The second picture that caught my eye in the Thyssen-Bornemisza Museum in Madrid recently (I discussed the first here) was this small grisaille diptych by Jan Van Eyck, a portable desktop prop for a rich man’s or woman’s devotions.
What is going on here? This is a real bleg not a rhetorical question. It’s not an image of the Annunciation, but an image of statues of the Annunciation. At the time, SFIK real devotional statues were polychrome; so the statues are not only imaginary but deliberately unrealistic. At the same time, they are gem-quality perfect simulacra. Why the layered distancing, almost as complex as the White Knight’s?
It’s possible that Van Eyck was simply showing off his technical mastery, pronking if you like. (“Look, rivals, I can paint an imaginary statue that’s more lifelike than your direct image”). His motto, reproduced on some of his paintings, was Als ik kan (“As I can”), which does not suggest false modesty. But it’s hard to believe that’s the whole story. Jan Van Eyck was court painter to Philip the Good, Duke of Burgundy. He was so famous that he managed to secure a salary, and therefore had more freedom than a painter on piecework commission; but particularly for a devotional piece, he would still be working to a commission from the Duke, a lesser nobleman or a rich merchant like Jan Arnolfini (he of the pregnant wife and lapdog). There’s a religious or philosophical point, as with Piero della Francesca’s puzzling Flagellation. What is it?
According to Huizinga, the great Dutch cultural historian of the period, the late mediaeval mind was literal and visual. Our ancestors then loved relics, pageants, and public executions. One devotional technique recommended by the Devotio Moderna was to project yourself into a Biblical scene like Gethsemane, and imagine taking part in a dialogue with the heroes and villains of the story. So you would expect 15th-century Flemings to want the utmost, illusionary realism in their religious art, combined with anachronism to bridge the gap of time. That’s what they got from van Eyck in the great public altarpiece in Ghent, the Adoration of the Lamb.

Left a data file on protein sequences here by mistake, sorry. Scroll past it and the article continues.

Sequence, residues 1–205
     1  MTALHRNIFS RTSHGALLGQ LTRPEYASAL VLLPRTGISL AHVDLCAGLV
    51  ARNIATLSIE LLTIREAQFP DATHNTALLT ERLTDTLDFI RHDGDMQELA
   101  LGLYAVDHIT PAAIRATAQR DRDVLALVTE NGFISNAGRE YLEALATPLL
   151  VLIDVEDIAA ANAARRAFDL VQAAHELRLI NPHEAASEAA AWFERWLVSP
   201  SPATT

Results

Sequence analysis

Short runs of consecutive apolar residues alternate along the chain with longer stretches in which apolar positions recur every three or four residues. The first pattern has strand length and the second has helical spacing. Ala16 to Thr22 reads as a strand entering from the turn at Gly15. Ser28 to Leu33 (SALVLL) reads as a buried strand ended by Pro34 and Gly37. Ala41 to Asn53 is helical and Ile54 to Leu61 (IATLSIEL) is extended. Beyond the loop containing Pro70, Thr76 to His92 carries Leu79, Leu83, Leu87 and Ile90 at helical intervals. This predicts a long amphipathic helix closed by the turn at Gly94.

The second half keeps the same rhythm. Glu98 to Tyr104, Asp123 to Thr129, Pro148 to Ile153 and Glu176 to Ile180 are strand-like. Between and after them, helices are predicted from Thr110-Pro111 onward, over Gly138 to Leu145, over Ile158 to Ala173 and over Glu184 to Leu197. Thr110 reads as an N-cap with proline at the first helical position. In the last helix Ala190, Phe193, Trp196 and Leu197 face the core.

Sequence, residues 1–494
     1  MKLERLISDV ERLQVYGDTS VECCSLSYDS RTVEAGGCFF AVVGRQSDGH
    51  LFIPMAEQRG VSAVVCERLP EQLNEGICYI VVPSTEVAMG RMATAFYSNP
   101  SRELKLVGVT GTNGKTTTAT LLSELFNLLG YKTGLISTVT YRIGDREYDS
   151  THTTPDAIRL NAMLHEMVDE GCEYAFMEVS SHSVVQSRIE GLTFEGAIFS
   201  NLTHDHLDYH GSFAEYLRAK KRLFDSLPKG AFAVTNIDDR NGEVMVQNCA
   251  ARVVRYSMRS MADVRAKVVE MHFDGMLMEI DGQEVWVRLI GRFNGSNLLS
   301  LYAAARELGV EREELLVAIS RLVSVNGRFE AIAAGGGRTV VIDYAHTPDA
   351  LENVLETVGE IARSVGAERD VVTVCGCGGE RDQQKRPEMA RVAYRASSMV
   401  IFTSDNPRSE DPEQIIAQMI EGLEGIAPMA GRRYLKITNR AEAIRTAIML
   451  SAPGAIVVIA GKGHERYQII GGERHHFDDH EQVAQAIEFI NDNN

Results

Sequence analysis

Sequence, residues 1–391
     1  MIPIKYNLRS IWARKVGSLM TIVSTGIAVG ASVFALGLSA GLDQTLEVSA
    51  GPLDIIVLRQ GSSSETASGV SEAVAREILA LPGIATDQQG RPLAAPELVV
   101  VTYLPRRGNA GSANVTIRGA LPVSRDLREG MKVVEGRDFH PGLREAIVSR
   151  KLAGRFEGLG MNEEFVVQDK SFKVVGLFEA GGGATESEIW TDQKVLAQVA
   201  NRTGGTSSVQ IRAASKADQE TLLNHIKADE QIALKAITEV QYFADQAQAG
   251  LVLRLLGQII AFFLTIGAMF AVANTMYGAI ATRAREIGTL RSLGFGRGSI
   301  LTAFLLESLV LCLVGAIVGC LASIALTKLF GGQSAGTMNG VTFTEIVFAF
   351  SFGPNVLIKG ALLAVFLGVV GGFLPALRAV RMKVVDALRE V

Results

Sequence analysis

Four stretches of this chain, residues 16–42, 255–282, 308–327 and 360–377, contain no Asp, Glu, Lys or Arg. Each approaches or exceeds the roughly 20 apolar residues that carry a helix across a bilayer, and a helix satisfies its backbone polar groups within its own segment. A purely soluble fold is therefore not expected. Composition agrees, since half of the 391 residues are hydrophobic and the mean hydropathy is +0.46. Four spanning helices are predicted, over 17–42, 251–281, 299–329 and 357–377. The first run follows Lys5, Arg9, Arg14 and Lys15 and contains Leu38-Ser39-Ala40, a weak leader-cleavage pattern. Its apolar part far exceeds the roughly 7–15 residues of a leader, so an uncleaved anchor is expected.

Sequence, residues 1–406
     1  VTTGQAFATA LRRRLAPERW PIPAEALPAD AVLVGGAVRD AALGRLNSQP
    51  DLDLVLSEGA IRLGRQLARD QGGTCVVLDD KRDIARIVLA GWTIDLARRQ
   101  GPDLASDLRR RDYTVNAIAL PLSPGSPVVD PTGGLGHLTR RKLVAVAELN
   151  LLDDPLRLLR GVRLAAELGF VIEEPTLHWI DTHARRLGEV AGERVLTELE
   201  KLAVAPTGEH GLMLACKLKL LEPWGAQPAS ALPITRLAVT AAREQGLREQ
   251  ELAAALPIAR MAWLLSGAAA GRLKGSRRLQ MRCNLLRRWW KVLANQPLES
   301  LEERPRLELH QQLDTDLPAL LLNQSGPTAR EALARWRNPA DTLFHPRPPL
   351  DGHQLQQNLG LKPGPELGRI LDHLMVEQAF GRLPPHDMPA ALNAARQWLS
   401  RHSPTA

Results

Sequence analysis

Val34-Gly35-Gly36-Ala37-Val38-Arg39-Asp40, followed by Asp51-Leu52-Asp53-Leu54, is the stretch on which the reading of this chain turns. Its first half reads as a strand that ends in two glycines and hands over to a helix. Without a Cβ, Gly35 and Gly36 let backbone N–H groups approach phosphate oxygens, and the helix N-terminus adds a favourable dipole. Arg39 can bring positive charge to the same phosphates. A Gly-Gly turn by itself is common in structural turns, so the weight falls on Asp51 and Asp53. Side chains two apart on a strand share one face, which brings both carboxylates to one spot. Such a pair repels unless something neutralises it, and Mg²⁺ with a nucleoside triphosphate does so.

Grisaille does the opposite. It makes for anti-icons. Instead of a theophanic claim to put the pious Christian into contact with the object of veneration, it seems to say: I’m only an image; all I can do to bring you a place in your mind where you can start the hard work of opening yourself to the transcendent.
If this is right, these paintings mark the rediscovery of irony: a double message, a planned cognitive discord. Irony was important in Greek theatre – it’s the spring of the tragedy of Oedipus and the comedy of Lysistrata. The bitter Tacitus uses it to great effect in the speech of Calgacus before his battle with Agricola: “They make a desert and they call it peace”. It was revived in the Renaissance; Mark has (as I recall) claimed here that Machiavelli’s Prince is an exercise in irony – Macchiavelli, tortured for the Florentine Republic, actually despised Cesare Borgia and his ilk. The Ghirlandaio portrait of Giovanna Tortabuoni works through tragic irony- a beautiful and vital girl (look at her clothes), doomed to die in childbirth (look at the black background). Shakespeare gives us hundred-proof dramatic irony in Mark Antony’s speech over Caesar’s body: we thrill to it along with the Roman mob, at the same time as we recognise the cynical manipulation.
We don’t think of the Middle Ages as congenial to irony. But consider the Canterbury Tales, only a few decades earlier than our picture. Chaucer was an English gent and diplomat. His masterpiece combines affection for the common people with a snobbish mockery. The Prioress:
And frenssh she spak ful faire and fetisly,
After the scole of Stratford atte Bowe,
For Frenssh of Parys was to hire unknowe.
This Stratford is far from Shakespeare’s bucolic Avon. It’s the grotty part of London’s East End where they built the Olympic stadium: proletarian then as now, guvnor. The salutation is of course ironic; class mockery goes two ways.